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He literally didn't know how to tie his shoes. Jim Fanning had the intricacies of the bowknot down pat, but on his first day as manager of the Montreal Expos he had to ask his coaches whether the bow went over or under the flap that extends from the tongue of baseball shoes. Fanning, the former backup catcher to Joe Garagiola, hadn't been in uniform since he managed the Eau Claire (Wis.) Braves to a third-place finish and the postseason championship in the Class C Northern League in 1962.
Until last week Fanning was the vice-president for player development of the Expos, and Dick Williams, who in his 14-year career had guided the Red Sox and A's into three World Series, was the manager. But Montreal was floundering, and John McHale, the chief executive officer, wanted to avoid another season of disappointment after losing the division title on the last weekend two years in a row. So on Labor Day he asked Fanning, his friend of 20 years, to take over the team. The call came while Fanning was typing a four-page, single-spaced report on the Denver Bears' playoff victory in the American Association.
Twenty-four hours later the Expos suffered a 10-5 defeat by the Philadelphia Phillies. The next night Montreal squandered two leads and lost 11-8 to the Phillies, and one of the Philadelphia papers referred to Fanning as "Alice in Blunderland." In Chicago on Friday the Expos failed to score the tying run with runners on first and third and none out in the ninth, and the manager was again hung out to dry.
What did Fanning do to deserve this? He certainly didn't ask for the job. He was the quintessential organization man. He was loyal, trustworthy and smart. First as general manager and then as farm director, he had provided the Expos with their considerable talent. When McHale decided that Williams had to go, he thought of Fanning. "I wanted somebody who would come in for the month without rocking the boat, who knew the players. Jim was a natural choice."
Not everybody thought so. Harry Caray, after reading the Cubs' score during the first inning of Friday night's White Sox telecast, editorialized: "The Expos haven't won since replacing Dick Williams as manager. Nice going, John McHale. With an intellect like that, you could graduate from Notre Dame." John McHale did graduate from Notre Dame.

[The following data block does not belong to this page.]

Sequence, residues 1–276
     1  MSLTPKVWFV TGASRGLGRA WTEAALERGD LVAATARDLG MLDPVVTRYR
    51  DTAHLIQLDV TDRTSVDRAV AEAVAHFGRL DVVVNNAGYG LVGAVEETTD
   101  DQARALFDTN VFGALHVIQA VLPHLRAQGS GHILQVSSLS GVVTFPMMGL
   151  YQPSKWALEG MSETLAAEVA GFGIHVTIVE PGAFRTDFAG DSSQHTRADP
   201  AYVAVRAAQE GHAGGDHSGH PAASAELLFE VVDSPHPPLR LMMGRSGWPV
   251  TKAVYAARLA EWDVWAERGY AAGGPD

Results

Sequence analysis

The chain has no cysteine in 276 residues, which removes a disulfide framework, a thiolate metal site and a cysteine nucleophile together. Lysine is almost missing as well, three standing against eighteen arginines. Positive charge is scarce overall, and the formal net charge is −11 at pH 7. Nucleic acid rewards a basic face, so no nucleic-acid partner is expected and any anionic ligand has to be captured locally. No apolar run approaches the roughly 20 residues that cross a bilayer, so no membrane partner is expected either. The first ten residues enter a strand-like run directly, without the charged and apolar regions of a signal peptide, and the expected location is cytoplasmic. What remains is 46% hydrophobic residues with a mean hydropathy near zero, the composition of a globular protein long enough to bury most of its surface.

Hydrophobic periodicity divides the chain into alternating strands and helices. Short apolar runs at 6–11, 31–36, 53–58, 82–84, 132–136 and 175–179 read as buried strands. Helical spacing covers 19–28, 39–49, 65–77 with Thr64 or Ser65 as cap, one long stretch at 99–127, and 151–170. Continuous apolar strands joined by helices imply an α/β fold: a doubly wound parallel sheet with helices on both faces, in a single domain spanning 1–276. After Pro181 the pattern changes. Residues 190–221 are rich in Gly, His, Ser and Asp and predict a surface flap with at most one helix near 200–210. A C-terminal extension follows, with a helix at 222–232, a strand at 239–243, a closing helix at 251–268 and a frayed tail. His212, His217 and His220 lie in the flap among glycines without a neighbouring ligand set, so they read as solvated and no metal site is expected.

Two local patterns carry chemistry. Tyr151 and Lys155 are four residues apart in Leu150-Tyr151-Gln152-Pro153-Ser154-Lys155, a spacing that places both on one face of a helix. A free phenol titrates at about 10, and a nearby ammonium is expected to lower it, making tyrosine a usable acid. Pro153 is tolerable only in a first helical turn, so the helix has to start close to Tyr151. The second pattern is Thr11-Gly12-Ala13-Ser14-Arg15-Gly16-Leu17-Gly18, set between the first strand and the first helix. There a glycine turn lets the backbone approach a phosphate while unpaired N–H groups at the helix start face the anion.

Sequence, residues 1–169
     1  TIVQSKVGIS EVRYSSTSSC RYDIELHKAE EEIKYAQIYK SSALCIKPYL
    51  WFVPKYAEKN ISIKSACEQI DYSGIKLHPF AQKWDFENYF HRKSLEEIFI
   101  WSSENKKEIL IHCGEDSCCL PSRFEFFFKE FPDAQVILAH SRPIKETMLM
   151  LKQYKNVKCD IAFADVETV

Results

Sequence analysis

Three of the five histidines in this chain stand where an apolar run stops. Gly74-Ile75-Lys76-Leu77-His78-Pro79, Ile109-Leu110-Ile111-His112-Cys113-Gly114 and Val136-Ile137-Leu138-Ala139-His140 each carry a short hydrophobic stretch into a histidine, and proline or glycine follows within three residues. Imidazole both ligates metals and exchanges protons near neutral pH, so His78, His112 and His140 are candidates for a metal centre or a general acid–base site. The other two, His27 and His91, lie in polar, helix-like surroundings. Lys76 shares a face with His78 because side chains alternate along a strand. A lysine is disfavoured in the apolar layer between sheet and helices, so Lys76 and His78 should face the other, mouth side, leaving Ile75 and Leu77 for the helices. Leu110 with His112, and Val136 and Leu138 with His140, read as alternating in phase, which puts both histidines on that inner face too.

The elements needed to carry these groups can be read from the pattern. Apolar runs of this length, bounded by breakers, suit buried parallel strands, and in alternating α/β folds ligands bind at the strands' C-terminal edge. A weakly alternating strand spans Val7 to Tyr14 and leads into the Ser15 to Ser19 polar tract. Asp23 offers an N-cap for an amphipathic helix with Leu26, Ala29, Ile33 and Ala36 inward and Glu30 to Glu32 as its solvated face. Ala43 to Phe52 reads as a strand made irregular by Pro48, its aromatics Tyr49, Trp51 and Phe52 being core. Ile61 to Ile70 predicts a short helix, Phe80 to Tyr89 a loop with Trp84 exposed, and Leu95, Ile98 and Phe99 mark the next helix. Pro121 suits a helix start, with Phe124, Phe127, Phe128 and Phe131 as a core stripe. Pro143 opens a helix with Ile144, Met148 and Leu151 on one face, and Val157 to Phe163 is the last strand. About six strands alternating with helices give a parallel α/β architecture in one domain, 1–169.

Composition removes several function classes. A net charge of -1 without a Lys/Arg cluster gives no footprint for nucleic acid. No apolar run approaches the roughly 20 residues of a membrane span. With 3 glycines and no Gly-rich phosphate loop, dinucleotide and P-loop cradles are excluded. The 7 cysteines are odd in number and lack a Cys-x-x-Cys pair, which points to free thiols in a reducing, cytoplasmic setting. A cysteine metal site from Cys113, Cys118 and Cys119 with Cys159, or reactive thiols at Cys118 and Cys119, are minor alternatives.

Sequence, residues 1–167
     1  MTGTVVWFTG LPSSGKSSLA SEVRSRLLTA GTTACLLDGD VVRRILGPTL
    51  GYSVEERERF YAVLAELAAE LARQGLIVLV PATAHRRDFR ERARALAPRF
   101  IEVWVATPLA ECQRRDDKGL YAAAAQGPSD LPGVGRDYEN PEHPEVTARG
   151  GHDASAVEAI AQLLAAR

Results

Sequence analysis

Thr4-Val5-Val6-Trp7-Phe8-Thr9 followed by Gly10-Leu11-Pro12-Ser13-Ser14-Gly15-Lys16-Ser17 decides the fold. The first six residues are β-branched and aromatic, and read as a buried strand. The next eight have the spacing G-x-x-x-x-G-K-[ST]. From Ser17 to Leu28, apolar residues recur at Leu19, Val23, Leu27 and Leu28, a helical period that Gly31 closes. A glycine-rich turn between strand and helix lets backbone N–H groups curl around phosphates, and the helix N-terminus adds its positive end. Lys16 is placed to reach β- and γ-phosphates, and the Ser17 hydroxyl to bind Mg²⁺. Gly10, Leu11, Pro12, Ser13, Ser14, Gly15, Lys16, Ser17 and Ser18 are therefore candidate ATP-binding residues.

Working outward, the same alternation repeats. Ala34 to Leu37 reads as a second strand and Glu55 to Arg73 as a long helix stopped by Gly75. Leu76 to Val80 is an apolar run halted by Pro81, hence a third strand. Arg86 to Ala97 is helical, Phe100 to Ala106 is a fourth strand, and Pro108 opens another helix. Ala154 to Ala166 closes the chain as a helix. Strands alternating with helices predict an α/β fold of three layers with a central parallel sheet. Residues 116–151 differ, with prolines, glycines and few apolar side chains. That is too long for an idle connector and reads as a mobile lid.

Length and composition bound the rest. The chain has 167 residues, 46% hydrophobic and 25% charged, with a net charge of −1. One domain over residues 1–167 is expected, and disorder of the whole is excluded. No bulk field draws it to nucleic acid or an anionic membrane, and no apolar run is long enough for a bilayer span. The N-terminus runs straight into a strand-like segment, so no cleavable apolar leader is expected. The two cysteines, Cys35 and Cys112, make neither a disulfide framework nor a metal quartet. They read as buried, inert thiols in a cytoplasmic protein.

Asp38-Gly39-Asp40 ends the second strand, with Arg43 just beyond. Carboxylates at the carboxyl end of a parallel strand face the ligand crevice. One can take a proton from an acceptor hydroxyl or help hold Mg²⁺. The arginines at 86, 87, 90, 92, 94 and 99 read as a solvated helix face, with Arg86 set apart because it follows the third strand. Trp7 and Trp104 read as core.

Some of the players weren't too happy, either. "For the first time in five years, I sit down," said Outfielder Warren Cromartie, who was benched by Fanning. "Another goddamn General Patton. We needed a change, but not this change. We're a game and a half out, everybody's future's on the line, and we've got a guy coming down from the booth."
Pitcher Bill Lee, who always puts it another way, put it another way: "We've changed horses in mid-torrent. And we haven't even got on the horse, and now we're tumbling over and over down the river of despair."
Things brightened considerably on Saturday when the Expos won 2-0 on a combined three-hitter by Steve Rogers, Woodie Fryman and Jeff Reardon. Ironically, Rogers and Reardon were commonly cited as two of the reasons Williams was fired.
Rogers was making his first start since Aug. 28. On Aug. 30, Williams had sent him in to pinch-run in the 11th inning against the Atlanta Braves. Rogers tried to break up a double play and ended up breaking the sixth rib on his left side. Even Rogers, a sometime critic of Williams, defended the move, but as far as the Expo fans were concerned, that broke the camel's back, not to mention Rogers' rib. The callers on sports phone-in shows in Montreal were outraged, and when the Expos returned home on Sept. 3 the fans were singing, "Dick Must Go." The front office was listening.
McHale also didn't think Williams was using Reardon enough. The Expos had acquired the bearded reliever a couple of weeks before the strike from the Mets for troubled but talented Outfielder Ellis Valentine. "Maybe Dick wasn't used to having that one big guy in the bullpen," McHale says. Reardon had made only 12 appearances in six weeks under Williams. "I don't like to complain," Reardon says, "but I do like a lot of work." It wasn't as if he had been ineffective: As of last week he had given up just four earned runs in his last 43 innings. One of the first things that Fanning did was to tell Reardon he was his stopper.